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Workers in production agriculture, forestry, and commercial fishing/aquaculture provide abundant food and fiber for the American people and for much of the world as well. Yet these men, women, and youth experience rates of occupational injury, illness and death that are nearly 4 times higher than those of workers in other occupations. In cooperation with the Centers for Disease Control / National Institute for Occupational Safety and Health (CDC/NIOSH), the Southeast Center supports and conducts research, education, and prevention activities to reduce occupational illness and injury and improve the safety and health of agricultural workers and their families in the southeastern United States.
The Southeast Center for Agricultural Health and Injury Prevention was established in 1991 as one of a select number of agricultural research centers funded by the United States Centers for Disease Control and Prevention, National Institute for Occupational Safety and Health (CDC/NIOSH). Dedicated to developing and promoting transdisciplinary approaches to the health and safety of agricultural workers and rural populations, the Center serves stakeholders in ten states: Kentucky, Tennessee, Alabama, Mississippi, North Carolina, South Carolina, Florida, Georgia, West Virginia, and Virginia.
Recognizing the multiple linkages affecting public health (IOM, 2001) and the importance of strategic systems thinking when addressing challenges in public health, the Center’s investigators and staff work closely with colleagues from the UK Colleges of Medicine, Agriculture, Nursing, Education, Communications, and Engineering, as well as with researchers and practitioners from various external agencies and institutions. This transdisciplinary approach lends an array of resources and skills to the Center and enhances its capabilities in research, education, outreach, and prevention. Today, the Southeast Center continues to focus on -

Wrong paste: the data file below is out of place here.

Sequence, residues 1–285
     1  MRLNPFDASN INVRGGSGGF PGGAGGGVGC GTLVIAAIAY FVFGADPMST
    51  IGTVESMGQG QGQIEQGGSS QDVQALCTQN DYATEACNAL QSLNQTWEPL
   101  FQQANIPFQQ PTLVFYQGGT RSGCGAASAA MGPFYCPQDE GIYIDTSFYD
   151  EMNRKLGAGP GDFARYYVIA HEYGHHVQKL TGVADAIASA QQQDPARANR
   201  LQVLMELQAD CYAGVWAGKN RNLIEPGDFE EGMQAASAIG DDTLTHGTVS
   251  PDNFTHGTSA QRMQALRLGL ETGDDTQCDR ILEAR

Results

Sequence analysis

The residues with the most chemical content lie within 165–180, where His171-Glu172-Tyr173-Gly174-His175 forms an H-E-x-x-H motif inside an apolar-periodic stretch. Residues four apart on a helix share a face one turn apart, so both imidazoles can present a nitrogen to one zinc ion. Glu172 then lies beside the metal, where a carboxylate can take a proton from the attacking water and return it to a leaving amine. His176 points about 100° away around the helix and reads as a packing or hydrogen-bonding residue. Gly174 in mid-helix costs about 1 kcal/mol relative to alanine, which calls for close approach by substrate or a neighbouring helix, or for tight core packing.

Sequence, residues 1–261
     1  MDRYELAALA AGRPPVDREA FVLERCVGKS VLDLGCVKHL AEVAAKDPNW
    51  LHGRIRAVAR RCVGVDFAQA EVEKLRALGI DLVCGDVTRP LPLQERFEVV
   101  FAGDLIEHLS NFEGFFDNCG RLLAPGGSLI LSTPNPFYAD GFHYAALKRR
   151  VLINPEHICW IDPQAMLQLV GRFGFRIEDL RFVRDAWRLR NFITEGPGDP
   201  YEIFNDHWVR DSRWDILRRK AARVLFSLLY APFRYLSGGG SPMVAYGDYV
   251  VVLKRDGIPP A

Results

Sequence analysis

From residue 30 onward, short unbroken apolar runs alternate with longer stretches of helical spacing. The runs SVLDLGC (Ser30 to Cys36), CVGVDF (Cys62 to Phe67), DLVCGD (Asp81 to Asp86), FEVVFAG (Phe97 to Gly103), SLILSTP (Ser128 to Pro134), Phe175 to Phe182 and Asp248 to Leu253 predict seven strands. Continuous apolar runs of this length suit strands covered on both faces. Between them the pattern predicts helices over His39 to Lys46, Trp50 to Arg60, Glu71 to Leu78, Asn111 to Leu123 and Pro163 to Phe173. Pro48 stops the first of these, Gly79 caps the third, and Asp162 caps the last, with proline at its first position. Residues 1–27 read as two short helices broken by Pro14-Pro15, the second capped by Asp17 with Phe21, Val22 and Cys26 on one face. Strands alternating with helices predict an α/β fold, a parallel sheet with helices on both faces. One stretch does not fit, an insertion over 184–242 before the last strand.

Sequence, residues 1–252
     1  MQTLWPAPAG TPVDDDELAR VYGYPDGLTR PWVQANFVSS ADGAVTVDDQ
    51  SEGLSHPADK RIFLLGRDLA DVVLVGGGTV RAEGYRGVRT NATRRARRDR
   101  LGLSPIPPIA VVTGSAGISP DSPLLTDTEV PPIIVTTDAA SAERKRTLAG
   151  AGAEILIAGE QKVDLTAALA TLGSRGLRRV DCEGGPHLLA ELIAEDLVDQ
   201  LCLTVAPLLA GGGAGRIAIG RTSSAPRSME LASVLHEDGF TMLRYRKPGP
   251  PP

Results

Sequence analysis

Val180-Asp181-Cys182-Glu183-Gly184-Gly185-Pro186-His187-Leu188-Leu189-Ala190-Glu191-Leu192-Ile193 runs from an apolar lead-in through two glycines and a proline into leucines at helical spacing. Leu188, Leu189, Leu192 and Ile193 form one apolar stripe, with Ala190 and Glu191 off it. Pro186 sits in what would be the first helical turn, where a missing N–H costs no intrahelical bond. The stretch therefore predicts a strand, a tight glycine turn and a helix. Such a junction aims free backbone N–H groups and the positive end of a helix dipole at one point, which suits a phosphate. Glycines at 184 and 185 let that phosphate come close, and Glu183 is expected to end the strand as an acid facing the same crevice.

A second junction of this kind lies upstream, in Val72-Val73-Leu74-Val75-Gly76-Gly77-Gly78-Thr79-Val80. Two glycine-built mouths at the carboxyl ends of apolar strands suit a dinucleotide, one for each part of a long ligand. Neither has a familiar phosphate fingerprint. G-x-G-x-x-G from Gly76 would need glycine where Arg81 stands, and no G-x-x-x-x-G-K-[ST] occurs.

Through the 5-year study Aquaculture Safety and Health, Melvin L. Myers, MPA, Associate Professor of Preventive Medicine and Environmental Health at the University of Kentucky and Dr. Robert Durborow of the Kentucky State University Aquaculture Research Center worked with farmers to identify and eliminate occupational hazards that previously were not recognized or were accepted as part of this emerging sector, or for which effective controls had not yet been developed. Many of the innovative, cost-effective solutions identified through the project have been conceived and tested by farmers themselves, thus providing “proof of concept” to other farm owners and operators. Results of the study are being shared through major peer-reviewed journals and directly with farmers throughout the Southeast and nationally.